The practices shared are generally undergirded by theoretical constructs but incorporate various practical tools and techniques to make up a toolkit that we are continually building and improving upon. Improvement often will come by using several tools and techniques together. Examples of this are using an action-learning framework while adding design thinking methods to the discussions and summarizing a collaborative process using a storyboard as well as visual techniques from sketch-noting.

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Patel: The examples in this volume are real and unplugged. They reflect the professional practices the contributors have used as well as their experiences. Many of these practices have been featured in award-winning applications. This book offers something for learner leaders in all industries.

As editors, we are excited to share this body of knowledge and expertise with all talent professionals, especially those leading the learning profession. Our goal was to provide guidance on how learning leaders carry out their roles to assess and build organizational performance capability in supporting the business’s competitive position in their respective market. The actions they take use generic leadership and management skills and address specific organizational learning pain points and challenges. The contributors captured the essence of this in their extensive range of thoughts, experiences, industries, perspectives, and general points of view on leading the learning function. We think it will help every learning leader to get better at getting better.

About the Editors

MJ Hall is an experienced WorkLearn strategist, performance coach, and business learning advisor. Her expertise includes designing, developing, and facilitating innovative collaborative experiences that focus on leveraging employee capabilities for positively influencing organizational productivity and delivering results. Prior to working at ATD, she served as a Level IV professor, director of leadership development, and special assistant to the commandant at the Defense Acquisition University in Fort Belvoir, Virginia. She has also held numerous operational assignments with other military branches within the Department of Defense (DoD), including chief of the Program Management Office at the U.S. Army Engineer School. She also consulted with civilian agencies while serving in an executive rotational assignment with the Federal Consulting Group.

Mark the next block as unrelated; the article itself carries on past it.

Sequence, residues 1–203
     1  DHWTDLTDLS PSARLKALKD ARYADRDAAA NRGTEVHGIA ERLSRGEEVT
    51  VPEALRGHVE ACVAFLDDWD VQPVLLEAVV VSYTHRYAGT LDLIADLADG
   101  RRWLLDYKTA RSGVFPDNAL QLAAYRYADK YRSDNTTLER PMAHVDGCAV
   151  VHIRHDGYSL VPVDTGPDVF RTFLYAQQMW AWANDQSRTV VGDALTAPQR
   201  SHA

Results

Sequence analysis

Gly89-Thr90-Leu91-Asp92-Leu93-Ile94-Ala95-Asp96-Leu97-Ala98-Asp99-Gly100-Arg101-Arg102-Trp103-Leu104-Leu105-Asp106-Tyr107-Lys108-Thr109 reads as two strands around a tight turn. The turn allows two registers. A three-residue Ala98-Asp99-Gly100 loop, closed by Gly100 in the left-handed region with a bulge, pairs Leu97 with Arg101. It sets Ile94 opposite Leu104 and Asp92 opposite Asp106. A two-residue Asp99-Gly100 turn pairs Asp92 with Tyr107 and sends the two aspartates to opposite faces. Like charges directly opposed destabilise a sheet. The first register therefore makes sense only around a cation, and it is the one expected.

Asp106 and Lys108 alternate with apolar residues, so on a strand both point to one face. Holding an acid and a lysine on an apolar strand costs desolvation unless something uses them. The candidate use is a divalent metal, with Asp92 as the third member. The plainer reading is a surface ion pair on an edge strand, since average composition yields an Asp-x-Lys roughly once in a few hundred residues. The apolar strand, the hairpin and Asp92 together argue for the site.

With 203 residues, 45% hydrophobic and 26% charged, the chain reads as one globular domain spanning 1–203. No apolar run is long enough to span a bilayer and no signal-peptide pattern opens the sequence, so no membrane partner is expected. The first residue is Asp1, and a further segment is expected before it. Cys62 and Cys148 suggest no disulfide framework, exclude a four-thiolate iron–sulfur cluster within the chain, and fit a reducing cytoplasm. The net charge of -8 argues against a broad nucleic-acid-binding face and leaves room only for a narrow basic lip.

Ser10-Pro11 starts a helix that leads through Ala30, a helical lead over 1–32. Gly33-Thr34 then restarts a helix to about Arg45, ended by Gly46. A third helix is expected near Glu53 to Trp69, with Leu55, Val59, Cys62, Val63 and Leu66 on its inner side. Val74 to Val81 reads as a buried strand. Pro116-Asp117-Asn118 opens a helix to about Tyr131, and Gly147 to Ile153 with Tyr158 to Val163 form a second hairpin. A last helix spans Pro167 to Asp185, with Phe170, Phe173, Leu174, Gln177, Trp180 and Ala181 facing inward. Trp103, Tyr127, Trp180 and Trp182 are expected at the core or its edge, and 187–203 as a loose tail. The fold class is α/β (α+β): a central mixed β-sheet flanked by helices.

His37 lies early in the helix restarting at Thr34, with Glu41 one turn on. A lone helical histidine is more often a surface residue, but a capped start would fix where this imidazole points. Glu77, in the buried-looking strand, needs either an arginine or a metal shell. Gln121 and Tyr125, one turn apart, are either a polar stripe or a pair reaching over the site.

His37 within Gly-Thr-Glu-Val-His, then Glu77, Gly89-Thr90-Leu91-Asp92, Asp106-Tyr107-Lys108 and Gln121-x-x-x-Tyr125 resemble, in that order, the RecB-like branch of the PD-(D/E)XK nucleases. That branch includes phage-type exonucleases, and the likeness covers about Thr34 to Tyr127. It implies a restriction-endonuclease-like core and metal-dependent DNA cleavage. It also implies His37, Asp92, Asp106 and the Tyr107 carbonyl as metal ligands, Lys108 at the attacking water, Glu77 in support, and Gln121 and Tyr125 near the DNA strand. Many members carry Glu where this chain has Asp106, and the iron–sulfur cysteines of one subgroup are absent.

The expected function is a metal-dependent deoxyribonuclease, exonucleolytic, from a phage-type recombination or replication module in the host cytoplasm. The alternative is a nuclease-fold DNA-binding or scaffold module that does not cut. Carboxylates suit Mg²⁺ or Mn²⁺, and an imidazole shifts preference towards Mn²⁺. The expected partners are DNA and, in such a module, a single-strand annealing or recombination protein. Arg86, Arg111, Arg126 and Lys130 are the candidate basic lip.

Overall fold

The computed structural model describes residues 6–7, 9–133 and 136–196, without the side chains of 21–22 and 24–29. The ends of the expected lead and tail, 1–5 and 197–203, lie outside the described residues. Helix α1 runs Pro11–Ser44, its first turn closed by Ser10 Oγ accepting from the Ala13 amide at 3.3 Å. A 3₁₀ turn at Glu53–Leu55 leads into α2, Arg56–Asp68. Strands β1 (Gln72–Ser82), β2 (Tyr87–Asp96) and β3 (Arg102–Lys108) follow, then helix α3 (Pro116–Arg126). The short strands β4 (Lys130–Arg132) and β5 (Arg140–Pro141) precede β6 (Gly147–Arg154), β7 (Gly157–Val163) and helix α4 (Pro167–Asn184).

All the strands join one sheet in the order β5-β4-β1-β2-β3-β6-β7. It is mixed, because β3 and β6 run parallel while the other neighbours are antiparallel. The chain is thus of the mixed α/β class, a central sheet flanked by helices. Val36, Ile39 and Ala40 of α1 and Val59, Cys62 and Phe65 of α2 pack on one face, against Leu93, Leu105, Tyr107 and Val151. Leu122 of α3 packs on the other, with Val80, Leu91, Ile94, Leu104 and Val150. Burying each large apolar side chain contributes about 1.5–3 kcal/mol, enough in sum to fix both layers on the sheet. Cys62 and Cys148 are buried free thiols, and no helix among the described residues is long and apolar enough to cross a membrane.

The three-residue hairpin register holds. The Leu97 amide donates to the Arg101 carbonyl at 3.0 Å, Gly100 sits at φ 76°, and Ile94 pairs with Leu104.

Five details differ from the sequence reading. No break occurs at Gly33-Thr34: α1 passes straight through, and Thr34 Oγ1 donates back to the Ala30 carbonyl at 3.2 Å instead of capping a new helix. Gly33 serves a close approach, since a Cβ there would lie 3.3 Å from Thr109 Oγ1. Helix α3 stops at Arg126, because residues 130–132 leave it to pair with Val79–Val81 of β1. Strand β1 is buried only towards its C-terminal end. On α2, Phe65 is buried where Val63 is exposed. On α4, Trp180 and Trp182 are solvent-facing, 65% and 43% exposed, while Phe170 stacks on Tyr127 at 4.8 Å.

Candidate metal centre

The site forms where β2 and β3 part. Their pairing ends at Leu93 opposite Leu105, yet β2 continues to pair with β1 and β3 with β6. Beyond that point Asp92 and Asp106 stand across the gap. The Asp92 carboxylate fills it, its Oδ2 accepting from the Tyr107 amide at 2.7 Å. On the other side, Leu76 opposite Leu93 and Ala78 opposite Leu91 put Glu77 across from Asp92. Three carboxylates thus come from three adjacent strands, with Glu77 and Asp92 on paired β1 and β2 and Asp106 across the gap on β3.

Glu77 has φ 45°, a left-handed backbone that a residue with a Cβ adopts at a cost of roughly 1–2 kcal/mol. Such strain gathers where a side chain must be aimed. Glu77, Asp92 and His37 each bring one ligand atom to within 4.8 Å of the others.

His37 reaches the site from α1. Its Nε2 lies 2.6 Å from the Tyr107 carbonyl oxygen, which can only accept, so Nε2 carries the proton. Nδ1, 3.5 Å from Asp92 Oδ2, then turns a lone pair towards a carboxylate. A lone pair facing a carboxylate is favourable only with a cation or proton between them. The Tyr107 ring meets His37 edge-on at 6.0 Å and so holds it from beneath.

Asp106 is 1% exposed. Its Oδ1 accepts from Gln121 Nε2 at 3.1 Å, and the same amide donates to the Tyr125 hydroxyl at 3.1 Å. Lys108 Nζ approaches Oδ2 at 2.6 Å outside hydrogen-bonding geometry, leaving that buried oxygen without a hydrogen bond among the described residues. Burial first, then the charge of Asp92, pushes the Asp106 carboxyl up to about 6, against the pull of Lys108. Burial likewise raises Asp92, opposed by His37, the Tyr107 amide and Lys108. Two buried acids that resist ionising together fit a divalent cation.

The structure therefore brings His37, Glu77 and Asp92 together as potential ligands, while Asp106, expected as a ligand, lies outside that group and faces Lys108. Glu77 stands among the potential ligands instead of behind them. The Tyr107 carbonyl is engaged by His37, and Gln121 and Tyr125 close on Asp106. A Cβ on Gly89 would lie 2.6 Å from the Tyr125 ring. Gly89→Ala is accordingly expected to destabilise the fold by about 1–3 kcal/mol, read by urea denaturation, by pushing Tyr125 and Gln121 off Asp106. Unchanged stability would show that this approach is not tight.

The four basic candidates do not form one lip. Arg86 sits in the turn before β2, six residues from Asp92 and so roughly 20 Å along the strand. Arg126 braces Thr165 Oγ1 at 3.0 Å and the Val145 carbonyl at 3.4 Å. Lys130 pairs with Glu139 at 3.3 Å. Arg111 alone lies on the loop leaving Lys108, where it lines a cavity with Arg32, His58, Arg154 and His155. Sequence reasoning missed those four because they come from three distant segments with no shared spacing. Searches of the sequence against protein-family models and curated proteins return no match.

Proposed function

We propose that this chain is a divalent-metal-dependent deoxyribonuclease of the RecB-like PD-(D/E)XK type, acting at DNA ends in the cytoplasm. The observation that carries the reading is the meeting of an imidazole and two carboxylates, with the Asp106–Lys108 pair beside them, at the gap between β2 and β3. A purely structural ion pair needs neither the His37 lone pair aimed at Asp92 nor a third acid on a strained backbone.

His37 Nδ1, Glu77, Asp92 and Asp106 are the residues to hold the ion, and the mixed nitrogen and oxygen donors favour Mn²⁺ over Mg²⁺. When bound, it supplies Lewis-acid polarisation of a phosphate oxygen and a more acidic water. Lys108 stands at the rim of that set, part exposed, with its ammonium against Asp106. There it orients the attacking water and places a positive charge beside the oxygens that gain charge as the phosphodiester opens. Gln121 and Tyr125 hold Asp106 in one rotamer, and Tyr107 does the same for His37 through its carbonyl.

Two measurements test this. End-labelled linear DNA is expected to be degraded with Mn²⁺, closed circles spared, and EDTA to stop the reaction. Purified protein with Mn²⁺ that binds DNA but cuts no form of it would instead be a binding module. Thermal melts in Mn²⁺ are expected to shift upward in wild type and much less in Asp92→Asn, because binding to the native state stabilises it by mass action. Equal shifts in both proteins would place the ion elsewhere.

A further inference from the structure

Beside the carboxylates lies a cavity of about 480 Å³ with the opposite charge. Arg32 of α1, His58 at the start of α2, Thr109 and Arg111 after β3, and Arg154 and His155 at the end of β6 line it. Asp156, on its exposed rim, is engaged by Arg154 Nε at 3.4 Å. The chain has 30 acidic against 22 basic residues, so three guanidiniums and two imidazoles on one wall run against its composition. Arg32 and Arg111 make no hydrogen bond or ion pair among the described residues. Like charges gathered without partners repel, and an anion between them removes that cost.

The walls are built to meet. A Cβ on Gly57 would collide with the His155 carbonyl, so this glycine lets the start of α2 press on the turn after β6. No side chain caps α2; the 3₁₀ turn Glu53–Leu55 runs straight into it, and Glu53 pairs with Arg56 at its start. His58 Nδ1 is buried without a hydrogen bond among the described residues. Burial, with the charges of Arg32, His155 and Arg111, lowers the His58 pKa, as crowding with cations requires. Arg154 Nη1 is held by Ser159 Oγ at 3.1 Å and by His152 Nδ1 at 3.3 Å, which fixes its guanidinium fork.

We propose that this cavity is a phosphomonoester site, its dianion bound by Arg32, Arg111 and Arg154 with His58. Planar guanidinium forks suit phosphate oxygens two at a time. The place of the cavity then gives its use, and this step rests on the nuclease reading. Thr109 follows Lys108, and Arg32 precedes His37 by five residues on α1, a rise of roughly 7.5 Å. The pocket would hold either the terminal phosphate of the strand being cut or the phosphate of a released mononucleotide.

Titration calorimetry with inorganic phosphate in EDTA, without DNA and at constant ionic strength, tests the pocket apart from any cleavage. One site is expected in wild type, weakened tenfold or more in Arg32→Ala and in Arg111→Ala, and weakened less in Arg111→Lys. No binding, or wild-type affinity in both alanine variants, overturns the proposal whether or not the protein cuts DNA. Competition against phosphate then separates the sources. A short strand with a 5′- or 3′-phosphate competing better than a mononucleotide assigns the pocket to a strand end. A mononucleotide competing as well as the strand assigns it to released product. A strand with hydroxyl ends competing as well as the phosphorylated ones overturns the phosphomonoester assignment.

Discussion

Hall earned a doctoral degree in educational leadership from George Mason University, a master of business administration from Long Island University, a master of education from University of Maryland, College Park, and a bachelor of arts in teaching from High Point University (HPU). Among her many honors, Hall was awarded the DoD Exceptional Civilian Medal, the U.S. Vice President’s Hammer Award for Innovative Practice, and the 2017 HPU Alumni Service Award for her volunteer work with doctoral students at the Stout School of Education.

Laleh Patel is the senior manager for the ATD Forum, steering the engagement and direction of the senior leader talent development consortium. In this role she oversees and manages the business strategy and day-to-day operations of the community and engages with executives to develop research and products to meet their most pressing talent development challenges to drive engagement and content strategy for the ATD Forum.

Prior to managing the Forum, she worked as a research associate for ATD, conducting surveys and analyzing and reporting on industry trends. She wrote the 2010 State of the Industry report. Patel has also worked in the survey research team at the Society for Human Resource Management and as a global advertising account executive at Lowe Worldwide. She holds an undergraduate degree in psychology from University College London, a master’s degree in industrial and organizational psychology from George Mason University, and a graduate certificate in survey design and data analysis from George Washington University.

About ATD and ATD Press

The Association for Talent Development (ATD) is the world’s largest association dedicated to those who develop talent in organizations. ATD’s members come from more than 120 countries and work in public and private organizations in every industry sector. ATD Press publications are written by industry thought leaders and offer anyone who works with adult learners the best practices, academic theory, and guidance necessary to move the profession forward. For more information, visit td.org/books.

Leading the Learning Function: Tools and Techniques for Organizational Impact
ISBN: 978-1-950496-61-7| 400 Pages | Paperback

td.org/books/leading-the-learning-function
To order books from ATD Press, call 800.628.2783.

To schedule an interview with MJ Hall or Laleh Patel, please contact Kay Hechler, ATD Press senior marketing manager, at khechler[email protected] or 703.683.8178.